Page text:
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Szabadics J, Varga C, Molnár G, Oláh S, Barzó P, Tamás G. Excitatory effect of GABAergic axo-axonic cells in cortical microcircuits. Science . 2006 Jan 13 ; 311(5758):233-5. PubMed Abstract

Comments on Paper and Primary News
Comment by:  Guillermo Gonzalez-Burgos
Submitted 18 January 2006 Posted 18 January 2006

The paper from Szabadics and colleagues contests two dogmas of GABA neurotransmission: 1) that in the adult brain, the effects of GABA synapses are inhibitory; and 2) that among GABAergic interneuron subclasses, axo-axonic cells (AACs) are probably the most powerfully inhibitory.

Like most GABAergic interneuron subclasses, AACs utilize GABA as their main neurotransmitter and the effects of GABA at AAC synapses are mediated by GABAA receptors, which after binding GABA open a chloride channel. Usually, the opening of GABAA receptor chloride channels produces hyperpolarization and thus inhibition. AACs are unique because they make synapses onto the initial segment of the pyramidal cell axon, close to the site where action potentials are initiated. Because action potential initiation requires depolarization, it was thought that AAC-mediated hyperpolarization was strategically placed: The closer an inhibitory synapse is to the site where action potentials are initiated, the more powerful the inhibition. The claim that AACs were more powerful than other interneurons to inhibit...  Read more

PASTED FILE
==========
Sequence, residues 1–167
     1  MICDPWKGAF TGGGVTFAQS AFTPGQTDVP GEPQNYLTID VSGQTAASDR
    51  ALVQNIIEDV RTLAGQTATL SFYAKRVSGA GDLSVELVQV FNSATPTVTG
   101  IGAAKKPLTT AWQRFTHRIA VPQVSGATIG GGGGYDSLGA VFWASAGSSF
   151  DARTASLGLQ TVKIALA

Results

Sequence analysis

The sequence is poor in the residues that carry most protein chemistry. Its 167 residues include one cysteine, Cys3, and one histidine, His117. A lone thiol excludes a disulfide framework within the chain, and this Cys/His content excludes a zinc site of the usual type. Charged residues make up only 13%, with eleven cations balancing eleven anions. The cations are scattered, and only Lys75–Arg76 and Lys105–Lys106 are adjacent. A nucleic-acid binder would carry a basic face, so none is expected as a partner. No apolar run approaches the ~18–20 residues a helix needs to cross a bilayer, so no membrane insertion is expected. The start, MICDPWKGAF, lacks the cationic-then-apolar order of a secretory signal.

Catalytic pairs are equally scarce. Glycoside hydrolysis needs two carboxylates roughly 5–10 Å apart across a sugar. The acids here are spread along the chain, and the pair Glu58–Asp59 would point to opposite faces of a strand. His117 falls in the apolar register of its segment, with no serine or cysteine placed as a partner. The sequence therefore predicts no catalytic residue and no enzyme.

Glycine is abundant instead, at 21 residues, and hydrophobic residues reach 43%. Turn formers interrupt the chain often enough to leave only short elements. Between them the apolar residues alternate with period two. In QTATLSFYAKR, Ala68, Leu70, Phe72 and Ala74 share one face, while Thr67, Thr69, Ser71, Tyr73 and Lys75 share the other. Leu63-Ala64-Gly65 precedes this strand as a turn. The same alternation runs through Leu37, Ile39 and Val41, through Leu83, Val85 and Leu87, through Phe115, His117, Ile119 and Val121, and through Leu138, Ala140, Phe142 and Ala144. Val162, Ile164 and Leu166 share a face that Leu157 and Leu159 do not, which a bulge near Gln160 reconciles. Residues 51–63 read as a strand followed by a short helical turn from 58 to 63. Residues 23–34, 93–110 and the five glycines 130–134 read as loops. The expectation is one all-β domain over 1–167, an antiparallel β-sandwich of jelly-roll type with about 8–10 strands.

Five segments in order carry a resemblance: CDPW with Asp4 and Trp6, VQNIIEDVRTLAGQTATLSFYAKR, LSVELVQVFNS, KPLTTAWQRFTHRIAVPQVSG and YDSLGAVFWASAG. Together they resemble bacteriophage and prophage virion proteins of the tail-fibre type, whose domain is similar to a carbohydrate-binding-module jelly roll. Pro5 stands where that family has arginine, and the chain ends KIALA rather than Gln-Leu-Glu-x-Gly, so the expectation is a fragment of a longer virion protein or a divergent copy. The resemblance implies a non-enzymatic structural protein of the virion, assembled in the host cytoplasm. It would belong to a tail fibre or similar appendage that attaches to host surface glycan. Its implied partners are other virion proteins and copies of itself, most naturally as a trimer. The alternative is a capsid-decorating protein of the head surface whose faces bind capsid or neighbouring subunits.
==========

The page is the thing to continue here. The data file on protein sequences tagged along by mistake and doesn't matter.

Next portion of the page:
View all comments by Guillermo Gonzalez-Burgos

Primary News: In Sync—Orchestrating Perfect Harmony in Neuronal Networks

Comment by:  Kevin Spencer (Disclosure)
Submitted 9 February 2006 Posted 9 February 2006
  I recommend this paper
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